There comes a time for each of us to take our leave of the stage, exiting left. Some deaths mark the end of a long life lived well. Yet some deaths are the result of catastrophic errors, careless mistakes, or even intentionally unlawful conduct – robbing a person of the life they had left to live.
In legal terms, these deaths are sometimes called unlawful deaths or wrongful deaths, and depending on the circumstances of the person’s passing, they can form the basis of an important lawsuit for survivors of a harrowing crime or episode of misconduct, or the estate of the recently deceased.
A wrongful death incorporates any death caused advertently or inadvertently by another person, through negligence, omission, a wrongful act, or even murder. Some wrongful deaths result in a murder or manslaughter charge. Others may also result in civil litigation.
In most cases, wrongful death lawsuits can give a family a chance to seek financial compensation for some of the damage caused by their loved one’s death at the hands of an individual or a legal entity, such as a corporation.
At the heart of what constitutes wrongful death lie fault and legal responsibility.
For example, an employer has a legal responsibility to ensure the reasonable safety of their employee. Certain jobs are associated with a certain level of risk, such that if an employee loses their life despite the employer’s best precautions and proper execution of all safety measures, it can be hard to argue that the employer was at fault.
Furthermore, citizens must uphold the law. Committing a crime that causes another person’s death can result in a wrongful death claim.
For a wrongful death lawsuit to reach a favorable conclusion for the plaintiff, they must prove that someone – an individual or an entity – failed to uphold their duty or acted criminally, causing another person’s death. They must also prove that whoever this person or entity is, their actions were the direct cause of death. And finally, they must prove that they suffered damages due to this death.
Damages are important, and they can be defined in several different ways. For one, there are financial damages. Funerary and burial costs are also a part of the picture.
Damages to the relatives and loved ones of a deceased as a result of their sudden death are part of the wrongful death lawsuit. If the deceased initially survived the event, but died soon thereafter (as a direct result of the defendant’s actions), the lawsuit may instead focus on the deceased’s pain and suffering, in a survival action lawsuit (based on survival law).
If the event resulted in a prolonged state of injury that led to death, then there are medical bills to consider. If the deceased was still employed or working, then the loss of their future income also qualifies as substantial financial damages.
It is often about much more than just the financial impact, however. Emotional damages represent a significant portion of the compensation for a wrongful death claim, covering everything from the loss of a beloved partner to emotional distress of their failed treatment and death, as well as the pain and suffering they went through before dying.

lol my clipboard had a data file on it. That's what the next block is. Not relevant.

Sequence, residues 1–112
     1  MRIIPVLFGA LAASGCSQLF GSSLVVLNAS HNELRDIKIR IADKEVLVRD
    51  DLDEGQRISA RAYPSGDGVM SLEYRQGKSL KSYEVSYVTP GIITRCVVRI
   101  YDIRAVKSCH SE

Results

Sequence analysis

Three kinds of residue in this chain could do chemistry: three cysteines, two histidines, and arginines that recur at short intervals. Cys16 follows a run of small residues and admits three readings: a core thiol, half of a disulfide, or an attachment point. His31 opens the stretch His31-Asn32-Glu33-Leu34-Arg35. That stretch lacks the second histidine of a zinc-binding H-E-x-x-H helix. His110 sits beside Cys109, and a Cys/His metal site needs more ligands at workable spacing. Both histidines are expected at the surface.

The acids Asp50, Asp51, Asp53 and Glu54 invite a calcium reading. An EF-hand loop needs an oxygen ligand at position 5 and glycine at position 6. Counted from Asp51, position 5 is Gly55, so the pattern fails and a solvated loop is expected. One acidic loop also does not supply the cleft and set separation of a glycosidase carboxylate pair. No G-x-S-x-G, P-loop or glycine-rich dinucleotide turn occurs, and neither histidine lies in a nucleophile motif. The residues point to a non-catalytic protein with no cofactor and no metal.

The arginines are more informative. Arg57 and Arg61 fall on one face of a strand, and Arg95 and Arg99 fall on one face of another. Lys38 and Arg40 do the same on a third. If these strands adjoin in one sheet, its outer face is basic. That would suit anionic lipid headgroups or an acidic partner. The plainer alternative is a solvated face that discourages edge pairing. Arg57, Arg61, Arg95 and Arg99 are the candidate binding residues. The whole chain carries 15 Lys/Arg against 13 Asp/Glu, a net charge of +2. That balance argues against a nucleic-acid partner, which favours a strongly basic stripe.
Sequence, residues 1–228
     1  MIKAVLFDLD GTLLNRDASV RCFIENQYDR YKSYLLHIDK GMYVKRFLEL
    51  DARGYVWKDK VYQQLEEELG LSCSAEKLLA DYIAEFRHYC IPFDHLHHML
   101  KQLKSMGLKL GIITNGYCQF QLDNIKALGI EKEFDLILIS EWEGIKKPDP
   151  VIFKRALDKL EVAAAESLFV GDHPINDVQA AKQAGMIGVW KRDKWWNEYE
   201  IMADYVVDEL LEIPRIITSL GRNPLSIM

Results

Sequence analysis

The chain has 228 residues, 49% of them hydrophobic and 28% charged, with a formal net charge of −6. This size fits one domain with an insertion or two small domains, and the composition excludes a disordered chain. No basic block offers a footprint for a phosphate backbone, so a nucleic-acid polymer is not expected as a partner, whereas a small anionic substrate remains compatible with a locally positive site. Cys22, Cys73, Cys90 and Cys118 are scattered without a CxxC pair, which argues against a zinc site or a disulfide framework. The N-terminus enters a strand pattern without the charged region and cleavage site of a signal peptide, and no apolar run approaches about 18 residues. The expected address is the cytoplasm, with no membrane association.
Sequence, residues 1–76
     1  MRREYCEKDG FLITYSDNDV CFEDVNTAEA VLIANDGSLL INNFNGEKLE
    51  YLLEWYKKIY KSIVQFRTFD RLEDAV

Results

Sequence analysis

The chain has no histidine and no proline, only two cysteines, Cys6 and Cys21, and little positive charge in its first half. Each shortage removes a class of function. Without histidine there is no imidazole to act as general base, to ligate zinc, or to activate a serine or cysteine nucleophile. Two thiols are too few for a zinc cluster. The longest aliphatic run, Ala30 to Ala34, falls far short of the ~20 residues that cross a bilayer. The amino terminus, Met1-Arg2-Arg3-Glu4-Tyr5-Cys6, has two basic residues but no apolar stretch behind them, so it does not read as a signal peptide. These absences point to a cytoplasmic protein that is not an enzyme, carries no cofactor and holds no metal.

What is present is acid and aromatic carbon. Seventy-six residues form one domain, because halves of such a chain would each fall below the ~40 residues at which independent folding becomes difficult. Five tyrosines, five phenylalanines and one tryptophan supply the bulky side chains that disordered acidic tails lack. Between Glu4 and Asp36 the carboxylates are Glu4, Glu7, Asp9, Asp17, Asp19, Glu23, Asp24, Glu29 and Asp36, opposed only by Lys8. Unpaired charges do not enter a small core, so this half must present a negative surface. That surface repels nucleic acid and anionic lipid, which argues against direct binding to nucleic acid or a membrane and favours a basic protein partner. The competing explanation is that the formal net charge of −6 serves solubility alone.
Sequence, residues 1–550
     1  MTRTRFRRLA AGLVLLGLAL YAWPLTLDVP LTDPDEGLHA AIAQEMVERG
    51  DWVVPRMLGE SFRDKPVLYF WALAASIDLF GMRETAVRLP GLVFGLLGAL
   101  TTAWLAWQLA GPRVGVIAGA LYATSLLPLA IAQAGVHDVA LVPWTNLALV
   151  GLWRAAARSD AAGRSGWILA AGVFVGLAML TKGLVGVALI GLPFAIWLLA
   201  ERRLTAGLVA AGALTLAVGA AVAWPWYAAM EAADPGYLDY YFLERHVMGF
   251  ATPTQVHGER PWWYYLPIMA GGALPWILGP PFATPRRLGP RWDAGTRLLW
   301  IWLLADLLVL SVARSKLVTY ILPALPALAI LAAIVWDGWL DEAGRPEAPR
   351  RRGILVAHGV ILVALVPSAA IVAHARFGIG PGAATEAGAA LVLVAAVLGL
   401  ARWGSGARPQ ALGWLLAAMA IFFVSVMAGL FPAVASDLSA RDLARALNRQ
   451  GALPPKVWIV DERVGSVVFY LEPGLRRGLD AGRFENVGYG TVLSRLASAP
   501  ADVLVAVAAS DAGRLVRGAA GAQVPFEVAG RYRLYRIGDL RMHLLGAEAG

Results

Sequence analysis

Wrongful death is usually either intentional or unintentional. There is a third category specifically for medical malpractice, which is handled in its own way due to the responsibilities that come with a medical license.
In cases of medical malpractice, a doctor or healthcare provider failed to provide care to the standard that is required of them as a medical professional. The plaintiff must find a way to prove that incompetence or negligence resulted in a wrongful death.
All wrongful death claims are civil, rather than criminal. Meaning, someone tried and convicted of murder or manslaughter may also be sued for wrongful death. They are separate processes but may be applied to the same event.
Because wrongful death claims are not criminal cases, a lower standard of proof is required for a judgment. Charges like murder must be proven beyond a reasonable doubt. A wrongful death case may be upheld on the basis of a preponderance of evidence, meaning the facts of the case prove that there is a greater than 50 percent chance that the claim is true.
As with any other kind of litigation, the burden of proof is with the plaintiff. They must bring facts to the table that prove liability in the wrongful death of the deceased, through negligence or criminal conduct.
The details differ from state to state. Both wrongful death cases and survival actions are based on statutory law, so it’s important to get your information and legal advice from someone with experience handling wrongful death claims in your home state. However, the general standard for proof is the same across the US: the claim must be “likely true.” Again, four things must be proven:
Most wrongful death cases never make it to court. Instead, they usually center around negotiations made between lawyers and insurance companies representing the defendant. The result is a settlement. However, if an agreement cannot be made, then the matter is taken to court, where final compensation is awarded on a case-by-case basis.
Unlike criminal homicide, there is a statute of limitations on wrongful death claims – they must be filed within two years of the date of death, or two years from the time you found out about the medical malpractice that caused the fatality.
Estimates for wrongful death payouts are almost impossible – they range from thousands to millions of dollars, depending on the circumstances of the case. Insurance companies specialize in scouring these cases for data points, comparing them, and negotiating settlements that minimize their losses. If you wish to pursue a wrongful death claim, then seeking the services of an experienced law firm is crucial.
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